We initially thought to go to Tzfat last week, but dd15 had a school commitment that she didn’t want to back out of, so we pushed our trip off for a week. This worked out to be a fortuitous arrangement, since that weekend was extremely cold and wet, and it would have literally put a real ‘damper’ on our trip!
We rescheduled for this week, but not having been here long, didn’t think to consider the consequences of planning for something around the beginning of the Hebrew month of Adar. All of a sudden, all the kids had parties and trips planned for exactly these few days! I was a little dismayed, since I really was looking forward to a few days of togetherness with our family. We had planned to leave on Thursday, but pushed this off until early afternoon on Friday, to accomodate the Thursday activities, and then resigned myself to the fact that some of us would have to leave early. I miss the days of everyone being on the same schedule….
After some research and deliberation, we realized it would be less expensive to rent a van for a couple of days than pay for bus fares for everyone on the way there (some of us later took the bus home). In between the week we had been invited for originally and this weekend, dh had gotten a job and wouldn’t be able to be with us for more than Shabbos. Dd11 had a two day trip to Mt. Hermon (the location for snow activities in Israel) Sun/Mon and dd17 had a three day school trip Mon/Tues/Wed. Ds13 missed a lot of school when his best friend was here and didn’t want to miss anymore (though he decided in the end to stay on with me in Tzfat). So those kids planned to travel back home with dh on Saturday night.
It was nice being able to drive there, since we had sleeping bags and a box of food supplies that we wouldn’t have been able to take on the bus (I would have shopped at the local grocery if I couldn’t have done this). It just made everything so much easier! It took just 45 minutes to get from Karmiel to Tzfat. When we got there, our hostess served everyone homemade pizza (I told her before coming that since I know what a hectic time this can be, I was coming prepared to take care of providing this meal for us), and this was a nice treat for the kids.
After that, we unpacked our stuff. First I have to share about our accommodations, which were the first big step to our wonderful visit, and something that continued to enhance every single day there. The vacation until we had is in the first straw bale home ever built in Israel. There was a large bedroom for the children with four beds and two additional mattresses that our hosts put in for us. We brought sheets but they provided blankets and pillows, which was a huge help since those things would have been so bulky to bring along. There was a smaller bedroom with two single beds. Dh and I took the smaller room, and ds2 slept with me. For Shabbos, a couple of the kids doubled up on one bed; after that, everyone had their own bed (except me, since ds2 was happy to keep me as his familiar bed partner while we were there).
There was a small kitchenette and eating area, a bathroom, and a large covered outdoor porch, where the kids played with games and toys that we borrowed from our hosts, and where we also gathered to eat together on our last day when it was really warm outside.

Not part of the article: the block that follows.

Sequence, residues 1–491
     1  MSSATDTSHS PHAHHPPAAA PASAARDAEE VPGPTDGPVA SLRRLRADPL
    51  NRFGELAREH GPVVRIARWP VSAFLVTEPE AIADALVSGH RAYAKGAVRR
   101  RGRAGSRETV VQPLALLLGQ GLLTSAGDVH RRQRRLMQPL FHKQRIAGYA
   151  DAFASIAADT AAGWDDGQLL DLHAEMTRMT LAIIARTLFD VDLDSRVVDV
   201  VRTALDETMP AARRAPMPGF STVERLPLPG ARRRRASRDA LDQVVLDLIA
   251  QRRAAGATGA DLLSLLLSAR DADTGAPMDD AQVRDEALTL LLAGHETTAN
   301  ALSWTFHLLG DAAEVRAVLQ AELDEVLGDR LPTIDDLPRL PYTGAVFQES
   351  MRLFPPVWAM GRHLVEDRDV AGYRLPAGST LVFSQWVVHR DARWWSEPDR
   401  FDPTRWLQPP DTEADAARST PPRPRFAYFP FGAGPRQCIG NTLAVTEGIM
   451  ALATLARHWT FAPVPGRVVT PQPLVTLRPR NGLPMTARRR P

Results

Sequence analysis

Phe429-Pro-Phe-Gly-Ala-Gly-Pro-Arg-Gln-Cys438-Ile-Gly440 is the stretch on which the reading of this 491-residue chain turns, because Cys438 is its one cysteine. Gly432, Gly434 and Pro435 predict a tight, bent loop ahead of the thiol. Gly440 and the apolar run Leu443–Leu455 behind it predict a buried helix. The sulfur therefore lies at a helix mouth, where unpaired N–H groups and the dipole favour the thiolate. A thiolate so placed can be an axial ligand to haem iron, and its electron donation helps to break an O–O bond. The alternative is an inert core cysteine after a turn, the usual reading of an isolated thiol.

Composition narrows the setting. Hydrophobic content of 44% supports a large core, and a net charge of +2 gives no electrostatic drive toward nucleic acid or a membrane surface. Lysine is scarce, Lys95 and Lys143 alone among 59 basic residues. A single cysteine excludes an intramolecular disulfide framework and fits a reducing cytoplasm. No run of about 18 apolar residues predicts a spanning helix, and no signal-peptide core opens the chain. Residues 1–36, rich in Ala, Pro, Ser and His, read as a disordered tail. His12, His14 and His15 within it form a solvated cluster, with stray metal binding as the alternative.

While we were unpacking, the littles quickly made themselves at home. The property is at the end of a street, backing up to a mountain, and there was so much space and freedom for them to wander around the property. The view is simply amazing – they are at the edge of a cliff and all buildings are below their home, so the view is unobstructed and you can see the mountains all around you. (You can get a tiny peek of the view here – imagine that one mountain you see multiplied by them all around.) I see beautiful views often in Israel, but this one was incredible. Ds4 was walking with me on the lower level of the property, stopped and looked out at the view, and said, “It’s so boo-tiful here, Mommy!”
They usually have dairy goats, which I would have loved for the kids to see and interact with, but they were temporarily away and wouldn’t be back until the following week. I also had hopes of buying some raw goats’ milk while staying there, which obviously wasn’t possible! There was a chicken running around the front yard, which ds5 began chasing (our hostess told him he’s welcome to chase her, that the reason she’s the only one of their chickens that wasn’t killed by stray dogs or mongooses is because she’s so fast); the chicken never seemed to mind and the littles who chased her during our days there had fun, too. They enjoyed their dog, were fascinated by their parakeets and cockatiel, and when one of the littles saw the guinea pig, told me that ‘they have a rat’ in a cage.
Mostly there was plenty of time and space for them to run around, and they enjoyed meeting the children of our hosts, who they spent hours playing outside with. I knew that living in an apartment and constantly being aware of noise levels was a bit wearing on me, and while we were in Tzfat, I really recognized how much tension this has caused me – because all of that was totally gone. I appreciated this literally every time one of us moved a chair or dropped something, that I wasn’t feeling the need to monitor all of our daily life sounds.
The boys played lots of ball, climbed the mountainous cliff behind the house, and ds5 brought me ‘sour stuff’ to eat’ – he learned to identify wild growing sorrel. Yes, we did other things and I’ll share more about that in my next post, but they were pretty much outside all day long, and when it was time for bed, they were asleep within a few minutes.